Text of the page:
MARRAKESH, Morocco (Reuters) - The world is set to notch up a new heat record in 2016 after a sizzling 2015 as global warming stokes more floods and rising sea levels, the U.N. weather agency said on Monday at climate change talks overshadowed by Donald Trump’s election win.
President-elect Trump has called climate change a hoax and a source in his transition team says he is seeking quick ways to pull the United States out of the 2015 Paris Agreement, which aims to shift the world economy away from fossil fuels towards renewable energy.
The World Meteorological Organization (WMO) said this year would be the warmest since records began in the late 19th century, with average surface temperatures 1.2 degrees Celsius (2.2 Fahrenheit) above pre-industrial times. Sixteen of the 17 hottest years recorded have been in this century.
“Another year. Another record,” WMO Secretary-General Petteri Taalas said in a statement in Marrakesh, Morocco, where almost 200 nations are discussing ways to slow climate change.
The heat, with impacts such as melting Greenland ice and damage to Australia’s Great Barrier Reef, was stoked by an El Nino weather event in the Pacific early in the year and by man-made greenhouse gases, mainly from burning fossil fuels.
“The extra heat from the powerful El Nino event has disappeared. The heat from global warming will continue,” he said. The WMO said it was “very likely” that 2016 would be the hottest, barring a freak chill in coming weeks.
The Paris deal, backed by almost 200 nations including the United States but rejected by Trump, has an overriding goal of limiting the rise in temperatures to “well below” 2C (3.6F) above pre-industrial times, ideally 1.5C (2.7F).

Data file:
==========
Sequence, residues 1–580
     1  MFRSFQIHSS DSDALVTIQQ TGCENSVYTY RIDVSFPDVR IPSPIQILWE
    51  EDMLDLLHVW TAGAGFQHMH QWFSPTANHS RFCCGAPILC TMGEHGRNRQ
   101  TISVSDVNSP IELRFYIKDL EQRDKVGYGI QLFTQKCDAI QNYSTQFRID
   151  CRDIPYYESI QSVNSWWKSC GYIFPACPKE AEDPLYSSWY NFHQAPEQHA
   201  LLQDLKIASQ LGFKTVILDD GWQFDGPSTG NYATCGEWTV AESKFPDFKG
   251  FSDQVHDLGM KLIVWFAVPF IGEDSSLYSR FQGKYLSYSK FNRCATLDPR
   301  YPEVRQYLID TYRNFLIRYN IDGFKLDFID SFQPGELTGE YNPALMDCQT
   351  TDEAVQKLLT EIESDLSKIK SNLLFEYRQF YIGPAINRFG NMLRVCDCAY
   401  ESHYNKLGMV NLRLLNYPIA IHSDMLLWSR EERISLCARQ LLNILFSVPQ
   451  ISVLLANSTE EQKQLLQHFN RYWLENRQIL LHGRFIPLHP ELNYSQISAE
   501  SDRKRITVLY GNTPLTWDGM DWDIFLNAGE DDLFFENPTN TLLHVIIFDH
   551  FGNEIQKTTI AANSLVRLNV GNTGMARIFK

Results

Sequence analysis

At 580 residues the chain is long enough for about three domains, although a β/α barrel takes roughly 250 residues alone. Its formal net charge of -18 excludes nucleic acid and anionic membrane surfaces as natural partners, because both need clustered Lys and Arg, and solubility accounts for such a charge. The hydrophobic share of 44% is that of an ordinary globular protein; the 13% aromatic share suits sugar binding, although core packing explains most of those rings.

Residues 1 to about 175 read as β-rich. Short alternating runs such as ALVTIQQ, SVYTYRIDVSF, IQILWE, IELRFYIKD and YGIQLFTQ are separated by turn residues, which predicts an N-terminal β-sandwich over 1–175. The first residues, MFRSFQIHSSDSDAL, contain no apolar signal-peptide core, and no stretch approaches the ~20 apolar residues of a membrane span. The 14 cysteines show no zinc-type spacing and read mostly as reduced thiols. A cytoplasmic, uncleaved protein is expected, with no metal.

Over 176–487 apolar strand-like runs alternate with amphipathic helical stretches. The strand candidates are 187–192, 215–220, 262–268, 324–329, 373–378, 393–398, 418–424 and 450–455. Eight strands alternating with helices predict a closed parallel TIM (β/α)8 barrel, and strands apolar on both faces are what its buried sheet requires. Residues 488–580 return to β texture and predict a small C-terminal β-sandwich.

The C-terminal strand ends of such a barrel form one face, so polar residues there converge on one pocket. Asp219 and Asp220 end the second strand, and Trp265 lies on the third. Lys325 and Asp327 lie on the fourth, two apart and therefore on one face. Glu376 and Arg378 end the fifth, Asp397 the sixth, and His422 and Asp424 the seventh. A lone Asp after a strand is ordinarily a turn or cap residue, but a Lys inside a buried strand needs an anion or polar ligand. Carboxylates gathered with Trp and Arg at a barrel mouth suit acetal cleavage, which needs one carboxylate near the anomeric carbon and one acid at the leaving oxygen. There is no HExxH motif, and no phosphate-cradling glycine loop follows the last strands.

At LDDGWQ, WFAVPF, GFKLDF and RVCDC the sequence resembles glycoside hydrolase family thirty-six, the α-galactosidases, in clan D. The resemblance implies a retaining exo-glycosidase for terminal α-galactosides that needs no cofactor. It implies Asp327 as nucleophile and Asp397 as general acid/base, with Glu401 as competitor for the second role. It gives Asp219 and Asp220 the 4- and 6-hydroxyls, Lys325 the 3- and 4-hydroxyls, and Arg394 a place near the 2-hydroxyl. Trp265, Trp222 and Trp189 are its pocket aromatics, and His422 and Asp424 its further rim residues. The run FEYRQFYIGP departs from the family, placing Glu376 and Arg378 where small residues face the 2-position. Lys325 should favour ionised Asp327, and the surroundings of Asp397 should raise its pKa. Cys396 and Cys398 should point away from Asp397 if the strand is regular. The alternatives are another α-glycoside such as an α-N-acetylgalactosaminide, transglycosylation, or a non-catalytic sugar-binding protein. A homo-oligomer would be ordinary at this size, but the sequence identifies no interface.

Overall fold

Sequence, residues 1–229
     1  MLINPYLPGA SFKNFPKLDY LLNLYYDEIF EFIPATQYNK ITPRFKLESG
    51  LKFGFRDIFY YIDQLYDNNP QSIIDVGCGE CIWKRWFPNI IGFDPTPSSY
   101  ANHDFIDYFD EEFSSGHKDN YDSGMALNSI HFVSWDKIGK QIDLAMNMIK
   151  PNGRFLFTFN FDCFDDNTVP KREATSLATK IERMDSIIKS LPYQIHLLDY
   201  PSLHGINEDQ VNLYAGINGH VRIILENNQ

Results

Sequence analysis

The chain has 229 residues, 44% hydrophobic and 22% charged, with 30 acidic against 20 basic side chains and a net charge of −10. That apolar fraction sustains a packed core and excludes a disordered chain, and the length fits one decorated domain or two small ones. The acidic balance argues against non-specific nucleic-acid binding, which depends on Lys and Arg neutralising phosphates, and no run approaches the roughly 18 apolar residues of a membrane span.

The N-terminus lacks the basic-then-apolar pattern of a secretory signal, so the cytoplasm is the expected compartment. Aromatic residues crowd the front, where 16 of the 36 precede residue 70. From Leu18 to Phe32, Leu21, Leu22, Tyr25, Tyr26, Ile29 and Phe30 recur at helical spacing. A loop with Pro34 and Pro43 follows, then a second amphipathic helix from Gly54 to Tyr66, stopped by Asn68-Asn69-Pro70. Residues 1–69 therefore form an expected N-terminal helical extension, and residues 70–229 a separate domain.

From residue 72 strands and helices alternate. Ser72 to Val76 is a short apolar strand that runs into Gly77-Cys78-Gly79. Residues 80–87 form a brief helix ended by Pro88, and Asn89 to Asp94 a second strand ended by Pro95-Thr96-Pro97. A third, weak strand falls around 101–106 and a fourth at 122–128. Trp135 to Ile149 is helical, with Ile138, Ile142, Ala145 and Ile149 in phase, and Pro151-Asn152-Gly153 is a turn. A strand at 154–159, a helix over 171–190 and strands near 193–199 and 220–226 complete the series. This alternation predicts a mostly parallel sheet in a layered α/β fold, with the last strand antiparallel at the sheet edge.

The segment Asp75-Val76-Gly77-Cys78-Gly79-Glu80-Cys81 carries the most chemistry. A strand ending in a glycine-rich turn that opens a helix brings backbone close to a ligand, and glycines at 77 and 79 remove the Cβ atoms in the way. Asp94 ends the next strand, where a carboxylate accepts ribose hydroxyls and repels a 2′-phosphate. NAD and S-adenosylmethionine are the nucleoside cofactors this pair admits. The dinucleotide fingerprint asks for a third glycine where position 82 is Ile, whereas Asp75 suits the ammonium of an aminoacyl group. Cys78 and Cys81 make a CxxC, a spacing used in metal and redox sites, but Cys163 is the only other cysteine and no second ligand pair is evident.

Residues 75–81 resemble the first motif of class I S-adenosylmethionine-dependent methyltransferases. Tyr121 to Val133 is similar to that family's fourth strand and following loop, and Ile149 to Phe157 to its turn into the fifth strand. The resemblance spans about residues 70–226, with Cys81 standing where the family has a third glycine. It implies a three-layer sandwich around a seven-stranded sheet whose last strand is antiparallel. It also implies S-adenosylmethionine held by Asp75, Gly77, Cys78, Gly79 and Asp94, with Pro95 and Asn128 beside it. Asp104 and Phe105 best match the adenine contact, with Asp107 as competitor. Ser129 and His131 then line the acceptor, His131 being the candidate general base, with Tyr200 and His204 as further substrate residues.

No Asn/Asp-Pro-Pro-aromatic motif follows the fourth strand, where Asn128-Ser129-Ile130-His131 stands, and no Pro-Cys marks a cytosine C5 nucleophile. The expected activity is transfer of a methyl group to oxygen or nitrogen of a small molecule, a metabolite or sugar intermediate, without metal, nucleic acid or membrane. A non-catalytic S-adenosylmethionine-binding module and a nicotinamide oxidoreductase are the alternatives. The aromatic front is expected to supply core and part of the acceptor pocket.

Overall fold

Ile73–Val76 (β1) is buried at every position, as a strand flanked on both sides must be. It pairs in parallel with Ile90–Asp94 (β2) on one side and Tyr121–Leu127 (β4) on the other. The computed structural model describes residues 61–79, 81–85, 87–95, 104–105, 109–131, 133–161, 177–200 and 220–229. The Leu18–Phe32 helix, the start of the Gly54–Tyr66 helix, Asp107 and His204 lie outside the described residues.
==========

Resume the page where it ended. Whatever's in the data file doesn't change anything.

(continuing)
Earlier on Monday a scientific report projected that world carbon dioxide emissions were expected to stay flat for the third year in a row in 2016 and that U.S. emissions would fall by 1.7 percent in 2016, driven by declines in coal consumption.
U.S. President Barack Obama has made fighting climate change a key policy and the United States was the driving force behind the design of the Paris Agreement.
“Because of climate change, the occurrence and impact of extreme events has risen,” Taalas said.
“‘Once in a generation’ heat waves and flooding are becoming more regular. Sea level rise has increased exposure to storm surges associated with tropical cyclones,” he said.
The most damaging weather event in 2016 was Hurricane Matthew, which killed more than 500 people in Haiti, it said. The Yangtze basin in China had its worst summer floods since 1999, killing 310 people and causing an estimated $14 billion in damage.
Record daily temperatures were recorded from South Africa to Thailand. Canada had its worst recorded wildfire in May around Fort McMurray, Alberta.
Data from the U.N. refugee agency said 19.2 million people were displaced by weather, water, climate and hazards such as earthquakes in 2015, more than twice as many as for conflict and violence, it said.
Reporting By Alister Doyle; Editing by Gareth Jones